User Showcase: Conestoga-Rovers & Associates

Conestoga-Rovers & Associates

CRA has used C Tech’s EVS-PRO and MVS for several years on over 120 projects including:

  • High-resolution topographic relief and digital aerial photography
  • Groundwater flow regimes and presenting 3-D modeling results
  • Above-ground facilities including buildings and storage areas
  • Below-ground facilities including underground storage tanks and sewers
  • Three-dimensional geologic models including block and fence diagrams
  • Groundwater plumes and changes in groundwater chemistry over time

 

Nicholas Fitzpatrick, M.A.Sc., P.Eng., P.E., Conestoga-Rovers & Associates- Consulting Engineers

From our experience, three-dimensional visualizations are extremely effective for understanding and communicating complicated environmental systems for our clients. In many cases involving litigation, three-dimensional visualizations of subsurface contamination have been instrumental in reaching settlements with plaintiffs. Visualizations have also been a great asset in presentations to both agencies and the public.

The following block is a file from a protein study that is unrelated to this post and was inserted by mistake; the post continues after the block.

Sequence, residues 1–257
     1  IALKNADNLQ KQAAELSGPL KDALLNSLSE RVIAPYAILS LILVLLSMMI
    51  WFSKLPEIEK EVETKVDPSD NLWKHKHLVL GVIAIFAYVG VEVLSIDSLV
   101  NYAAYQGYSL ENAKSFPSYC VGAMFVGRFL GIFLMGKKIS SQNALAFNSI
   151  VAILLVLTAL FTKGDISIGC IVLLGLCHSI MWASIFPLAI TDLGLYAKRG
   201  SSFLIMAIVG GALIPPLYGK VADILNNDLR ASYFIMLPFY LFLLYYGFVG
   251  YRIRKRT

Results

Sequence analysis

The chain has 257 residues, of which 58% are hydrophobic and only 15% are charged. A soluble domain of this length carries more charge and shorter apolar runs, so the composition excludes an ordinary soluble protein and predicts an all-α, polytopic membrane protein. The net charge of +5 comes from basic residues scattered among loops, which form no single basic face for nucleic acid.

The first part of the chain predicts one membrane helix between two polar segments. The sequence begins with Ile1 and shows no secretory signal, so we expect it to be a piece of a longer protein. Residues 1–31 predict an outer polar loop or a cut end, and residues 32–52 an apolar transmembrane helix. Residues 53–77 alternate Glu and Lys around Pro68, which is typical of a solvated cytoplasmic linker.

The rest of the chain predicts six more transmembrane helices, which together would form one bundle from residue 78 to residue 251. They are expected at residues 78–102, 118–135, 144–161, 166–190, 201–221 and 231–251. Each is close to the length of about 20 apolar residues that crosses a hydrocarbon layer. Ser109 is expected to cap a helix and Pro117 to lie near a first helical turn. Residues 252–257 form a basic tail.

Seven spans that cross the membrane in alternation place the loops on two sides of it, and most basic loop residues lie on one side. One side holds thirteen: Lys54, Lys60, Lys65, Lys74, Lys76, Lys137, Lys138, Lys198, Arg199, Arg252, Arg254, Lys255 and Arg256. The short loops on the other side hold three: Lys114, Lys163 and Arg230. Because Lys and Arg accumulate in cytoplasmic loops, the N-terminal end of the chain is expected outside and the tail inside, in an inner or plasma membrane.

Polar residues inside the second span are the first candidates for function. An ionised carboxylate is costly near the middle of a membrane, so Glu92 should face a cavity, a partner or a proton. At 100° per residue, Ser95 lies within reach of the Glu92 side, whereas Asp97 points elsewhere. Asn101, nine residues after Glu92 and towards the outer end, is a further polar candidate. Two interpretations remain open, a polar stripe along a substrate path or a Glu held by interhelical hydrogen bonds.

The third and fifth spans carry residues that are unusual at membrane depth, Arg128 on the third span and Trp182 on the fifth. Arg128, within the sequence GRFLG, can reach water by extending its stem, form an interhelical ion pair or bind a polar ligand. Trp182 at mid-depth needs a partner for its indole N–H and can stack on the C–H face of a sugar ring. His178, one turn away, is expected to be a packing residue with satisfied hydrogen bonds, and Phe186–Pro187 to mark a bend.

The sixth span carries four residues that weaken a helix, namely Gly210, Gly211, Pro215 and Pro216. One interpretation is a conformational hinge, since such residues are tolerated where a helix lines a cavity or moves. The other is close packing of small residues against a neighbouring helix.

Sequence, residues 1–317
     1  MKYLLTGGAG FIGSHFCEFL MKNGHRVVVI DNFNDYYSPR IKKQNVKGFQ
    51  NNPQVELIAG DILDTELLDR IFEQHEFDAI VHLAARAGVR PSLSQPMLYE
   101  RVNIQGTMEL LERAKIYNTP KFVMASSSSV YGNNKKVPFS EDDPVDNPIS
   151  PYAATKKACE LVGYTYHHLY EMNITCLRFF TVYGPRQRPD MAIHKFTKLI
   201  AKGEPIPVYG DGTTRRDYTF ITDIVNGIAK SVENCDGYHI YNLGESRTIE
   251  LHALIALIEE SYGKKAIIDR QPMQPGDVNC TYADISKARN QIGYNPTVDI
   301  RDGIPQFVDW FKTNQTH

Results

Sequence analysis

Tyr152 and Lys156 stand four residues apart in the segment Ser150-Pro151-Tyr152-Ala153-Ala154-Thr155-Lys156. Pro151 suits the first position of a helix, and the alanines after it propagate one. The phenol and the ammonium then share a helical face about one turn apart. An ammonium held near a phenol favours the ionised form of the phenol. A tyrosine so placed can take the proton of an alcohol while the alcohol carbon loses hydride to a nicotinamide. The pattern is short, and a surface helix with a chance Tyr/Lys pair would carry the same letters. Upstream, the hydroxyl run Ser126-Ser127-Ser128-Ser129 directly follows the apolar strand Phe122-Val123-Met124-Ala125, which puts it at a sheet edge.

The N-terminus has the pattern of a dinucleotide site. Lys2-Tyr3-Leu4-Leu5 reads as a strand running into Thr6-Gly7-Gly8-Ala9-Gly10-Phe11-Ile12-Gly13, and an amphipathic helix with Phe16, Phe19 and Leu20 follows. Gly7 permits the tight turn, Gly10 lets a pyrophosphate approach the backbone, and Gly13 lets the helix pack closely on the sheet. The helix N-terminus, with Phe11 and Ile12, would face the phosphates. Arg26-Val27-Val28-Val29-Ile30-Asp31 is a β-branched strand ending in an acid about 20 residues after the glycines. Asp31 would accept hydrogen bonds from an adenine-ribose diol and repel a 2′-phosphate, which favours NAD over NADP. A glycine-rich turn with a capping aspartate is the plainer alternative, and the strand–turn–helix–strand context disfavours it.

1,2-dichloroethane groundwater contaminant plume in an Ohio bedrock valley aquifer. Detailed maps showing highways, roads and rivers enhance the visualization.

1,2-dichloroethane groundwater contaminant plume in an Ohio bedrock valley aquifer. Detailed maps showing highways, roads and rivers enhance the visualization.

Paleozic sedimentary bedrock layers were eroded away by glacial processes. Data was obtained from borehole logs.

Paleozic sedimentary bedrock layers were eroded away by glacial processes. Data was obtained from borehole logs.

 

 

 

 

 

 

 

 

 

 

 

 

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The Oak Ridges Moraine in Ontario, Canada was created when a weakening ice sheet split during the last great ice age nearly fifteen thousand years ago. The interlobate moraine was formed between the Simcoe lobe to the north and the Ontario lobe to the south. Known as southern Ontario’s rain barrel, its permeable sands and gravels collect, store, filter and release water to over 65 watercourses flowing north and south into Georgian Bay, Lakes Simcoe, Scugog, Rice and Ontario. Recent work by the Geological Survey of Canada has focused on understanding the hydrogeology of the moraine.